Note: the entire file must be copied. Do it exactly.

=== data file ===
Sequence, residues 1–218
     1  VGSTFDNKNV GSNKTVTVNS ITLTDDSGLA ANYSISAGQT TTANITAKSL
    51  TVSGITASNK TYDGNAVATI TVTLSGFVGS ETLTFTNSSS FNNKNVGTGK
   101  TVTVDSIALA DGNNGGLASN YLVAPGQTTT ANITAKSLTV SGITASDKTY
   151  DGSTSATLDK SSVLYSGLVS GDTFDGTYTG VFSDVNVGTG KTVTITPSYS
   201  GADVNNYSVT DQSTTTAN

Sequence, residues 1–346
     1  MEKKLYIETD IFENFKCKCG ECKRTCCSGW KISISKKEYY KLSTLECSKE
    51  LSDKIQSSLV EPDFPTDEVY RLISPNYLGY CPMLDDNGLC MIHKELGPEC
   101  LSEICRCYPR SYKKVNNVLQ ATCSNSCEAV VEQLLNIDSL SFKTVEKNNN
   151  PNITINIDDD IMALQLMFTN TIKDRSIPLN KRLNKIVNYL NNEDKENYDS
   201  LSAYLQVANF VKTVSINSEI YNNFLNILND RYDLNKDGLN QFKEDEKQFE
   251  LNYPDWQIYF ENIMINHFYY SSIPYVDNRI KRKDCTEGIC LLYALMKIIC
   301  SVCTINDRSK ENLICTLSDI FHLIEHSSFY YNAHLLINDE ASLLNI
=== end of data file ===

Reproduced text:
Sequence, residues 1–218
     1  VGSTFDNKNV GSNKTVTVNS ITLTDDSGLA ANYSISAGQT TTANITAKSL
    51  TVSGITASNK TYDGNAVATI TVTLSGFVGS ETLTFTNSSS FNNKNVGTGK
   101  TVTVDSIALA DGNNGGLASN YLVAPGQTTT ANITAKSLTV SGITASDKTY
   151  DGSTSATLDK SSVLYSGLVS GDTFDGTYTG VFSDVNVGTG KTVTITPSYS
   201  GADVNNYSVT DQSTTTAN

Sequence, residues 1–346
     1  MEKKLYIETD IFENFKCKCG ECKRTCCSGW KISISKKEYY KLSTLECSKE
    51  LSDKIQSSLV EPDFPTDEVY RLISPNYLGY CPMLDDNGLC MIHKELGPEC
   101  LSEICRCYPR SYKKVNNVLQ ATCSNSCEAV VEQLLNIDSL SFKTVEKNNN
   151  PNITINIDDD IMALQLMFTN TIKDRSIPLN KRLNKIVNYL NNEDKENYDS
   201  LSAYLQVANF VKTVSINSEI YNNFLNILND RYDLNKDGLN QFKEDEKQFE
   251  LNYPDWQIYF ENIMINHFYY SSIPYVDNRI KRKDCTEGIC LLYALMKIIC
   301  SVCTINDRSK ENLICTLSDI FHLIEHSSFY YNAHLLINDE ASLLNI